Fitness trackers and devices such as heart rate monitors were earlier reserved for elite sportspersons and athletes.
This was also due to their high price points, which put them out of reach for the average person. However, over the past few years, the surge in fitness trackers launched in different price bands has led to their quick adoption by regular consumers.
A report from Counterpoint Research states that global smartwatch shipments grew at a rate of 48 per cent year-on-year in the first quarter of 2019, driven by brands such as Apple, Samsung, Fitbit, and Huawei. Now, the ubiquitous fitness tracker occupies prime real estate on almost everyone’s wrists; it is popular from pre-teens to the elderly. Health apps and fitness trackers provide a span of metrics, the most popular being step and calorie counts, heart rate, water consumption and sleep tracking. Using these devices to keep a tab on your overall state of health is a good thing, but many users move from casually checking these stats to obsessing over them.
IS THAT FANCY FITNESS TRACKER CONTROLLING YOU?
According to the Daily Mail, a recent report by Glasgow-based general practitioner Dr. Des Spence that was also published in the British Medical Journal claimed that all health-tracking devices were contributing to an ‘unhealthily health-obsessed generation’.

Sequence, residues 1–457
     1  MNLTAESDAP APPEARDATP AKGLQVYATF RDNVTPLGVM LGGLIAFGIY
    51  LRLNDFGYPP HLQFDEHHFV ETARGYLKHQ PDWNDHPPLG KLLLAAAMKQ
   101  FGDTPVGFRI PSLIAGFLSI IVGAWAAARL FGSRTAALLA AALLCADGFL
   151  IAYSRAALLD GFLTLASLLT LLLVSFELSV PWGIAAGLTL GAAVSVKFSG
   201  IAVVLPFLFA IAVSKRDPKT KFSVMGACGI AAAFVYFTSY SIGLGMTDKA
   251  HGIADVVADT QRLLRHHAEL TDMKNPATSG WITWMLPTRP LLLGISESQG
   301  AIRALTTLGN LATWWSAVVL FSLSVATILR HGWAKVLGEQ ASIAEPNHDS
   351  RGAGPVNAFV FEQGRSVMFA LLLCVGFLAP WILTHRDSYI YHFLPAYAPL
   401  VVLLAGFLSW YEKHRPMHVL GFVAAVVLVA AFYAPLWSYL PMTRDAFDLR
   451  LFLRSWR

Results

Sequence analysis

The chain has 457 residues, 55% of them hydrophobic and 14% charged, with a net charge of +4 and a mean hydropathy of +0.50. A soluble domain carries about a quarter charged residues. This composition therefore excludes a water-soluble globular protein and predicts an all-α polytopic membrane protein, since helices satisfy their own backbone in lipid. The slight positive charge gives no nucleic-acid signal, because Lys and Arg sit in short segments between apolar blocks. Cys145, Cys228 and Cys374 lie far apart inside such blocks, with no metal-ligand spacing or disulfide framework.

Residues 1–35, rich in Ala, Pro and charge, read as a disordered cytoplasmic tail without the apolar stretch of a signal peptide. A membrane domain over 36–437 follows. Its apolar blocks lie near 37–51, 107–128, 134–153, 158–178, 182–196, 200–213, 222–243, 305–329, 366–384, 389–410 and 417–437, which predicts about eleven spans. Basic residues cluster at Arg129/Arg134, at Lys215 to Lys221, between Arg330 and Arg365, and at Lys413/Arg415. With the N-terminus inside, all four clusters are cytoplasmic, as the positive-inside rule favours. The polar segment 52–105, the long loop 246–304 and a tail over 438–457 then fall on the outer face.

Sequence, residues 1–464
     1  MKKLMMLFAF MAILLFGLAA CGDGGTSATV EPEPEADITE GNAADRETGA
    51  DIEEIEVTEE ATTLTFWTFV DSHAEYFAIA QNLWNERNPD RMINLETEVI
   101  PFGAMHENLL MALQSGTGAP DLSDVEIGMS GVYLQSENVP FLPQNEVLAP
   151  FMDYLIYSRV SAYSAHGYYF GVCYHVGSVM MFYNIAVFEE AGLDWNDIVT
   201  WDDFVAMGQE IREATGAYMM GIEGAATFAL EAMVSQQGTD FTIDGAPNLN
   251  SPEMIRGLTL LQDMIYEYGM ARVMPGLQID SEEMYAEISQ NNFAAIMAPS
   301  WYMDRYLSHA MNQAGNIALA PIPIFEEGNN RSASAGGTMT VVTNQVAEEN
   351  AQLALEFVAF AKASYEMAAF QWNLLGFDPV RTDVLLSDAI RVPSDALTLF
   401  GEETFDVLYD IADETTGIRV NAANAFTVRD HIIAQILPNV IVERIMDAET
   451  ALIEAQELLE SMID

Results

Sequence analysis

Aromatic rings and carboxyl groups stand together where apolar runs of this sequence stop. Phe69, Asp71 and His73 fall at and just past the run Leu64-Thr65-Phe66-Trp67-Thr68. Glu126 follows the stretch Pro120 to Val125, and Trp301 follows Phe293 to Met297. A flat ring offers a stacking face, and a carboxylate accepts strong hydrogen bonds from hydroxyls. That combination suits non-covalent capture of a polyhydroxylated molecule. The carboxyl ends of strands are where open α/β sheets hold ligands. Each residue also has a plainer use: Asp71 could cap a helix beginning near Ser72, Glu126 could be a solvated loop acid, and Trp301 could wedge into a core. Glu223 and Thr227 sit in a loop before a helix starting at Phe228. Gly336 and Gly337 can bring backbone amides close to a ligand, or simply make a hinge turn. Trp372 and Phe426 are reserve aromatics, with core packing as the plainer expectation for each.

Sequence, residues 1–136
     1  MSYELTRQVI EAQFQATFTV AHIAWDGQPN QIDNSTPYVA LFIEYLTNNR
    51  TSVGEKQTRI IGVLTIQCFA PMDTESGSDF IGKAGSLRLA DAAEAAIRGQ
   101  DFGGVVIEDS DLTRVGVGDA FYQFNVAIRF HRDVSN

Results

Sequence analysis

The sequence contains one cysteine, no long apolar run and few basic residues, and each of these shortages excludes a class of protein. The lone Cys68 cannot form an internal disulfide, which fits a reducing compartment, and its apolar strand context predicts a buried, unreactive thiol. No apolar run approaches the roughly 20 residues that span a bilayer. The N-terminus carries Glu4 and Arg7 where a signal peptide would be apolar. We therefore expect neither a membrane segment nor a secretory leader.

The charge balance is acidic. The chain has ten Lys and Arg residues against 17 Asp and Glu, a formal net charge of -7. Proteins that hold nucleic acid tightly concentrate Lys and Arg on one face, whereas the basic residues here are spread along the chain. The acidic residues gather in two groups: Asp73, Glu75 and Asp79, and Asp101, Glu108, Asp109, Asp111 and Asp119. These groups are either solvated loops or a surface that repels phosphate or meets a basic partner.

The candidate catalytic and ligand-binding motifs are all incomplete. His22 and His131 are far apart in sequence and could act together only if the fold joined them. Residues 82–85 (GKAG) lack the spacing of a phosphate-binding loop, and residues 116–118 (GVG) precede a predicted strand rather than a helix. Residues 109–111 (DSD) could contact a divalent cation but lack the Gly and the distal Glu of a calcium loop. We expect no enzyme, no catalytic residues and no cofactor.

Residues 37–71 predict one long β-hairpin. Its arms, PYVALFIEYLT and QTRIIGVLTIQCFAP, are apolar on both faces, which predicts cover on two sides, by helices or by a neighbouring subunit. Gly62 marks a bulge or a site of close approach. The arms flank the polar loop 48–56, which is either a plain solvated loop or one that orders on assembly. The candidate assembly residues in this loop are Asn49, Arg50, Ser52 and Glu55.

Dr. Ritika S. Aggarwal, a consultant psychologist, Jaslok Hospital & Research Centre agrees that while fitness trackers have helped motivate some people, it is also slowly turning into an obsession with keeping track of said data by others.
Aggarwal says, “Some people are now relying on these devices to let them know if they are healthy rather than listening to their bodies for the answers. Most devices encourage you to set goals and reinforce your attainment of the goal by beeping and showing you a medal. This reward system can lead to compulsive behaviour, which needs to be fulfilled.”
A 2016 survey conducted with female Fitbit users showcased that about 60 per cent felt ‘controlled’ by the output of their device. One-third of these respondents also viewed this device as an ‘enemy’ and experienced feelings of guilt when their daily step goals were not achieved. Aggarwal also thinks that these devices allow people to compare their daily progress with friends and family, turning the simple joy of exercise into a constant competition with others. This, she adds, can be harmful, as it leads them to exercise in their resting period.
WHEN APPS MAKE YOU SLEEPLESS
We spoke to a 26-year-old photographer from Delhi, who, due to his erratic work schedule would experience disturbed sleep on a regular basis. A friend recommended him to use a sleep tracker and he downloaded an app onto his Apple watch to enable him to monitor his sleep.
He says, “Initially, it was fun to see how well I slept, view my sleep graph over time, and so on. It later ruined the little sleep I got because I started comparing my sleep patterns frequently. I even started worrying when there were tiny fluctuations. I realised I was dependent on my wearable in order to get good sleep.”
This is a classic case of a new condition called orthosomnia, which is “a quest to achieve perfect sleep”. People affected with this condition are on the rise globally.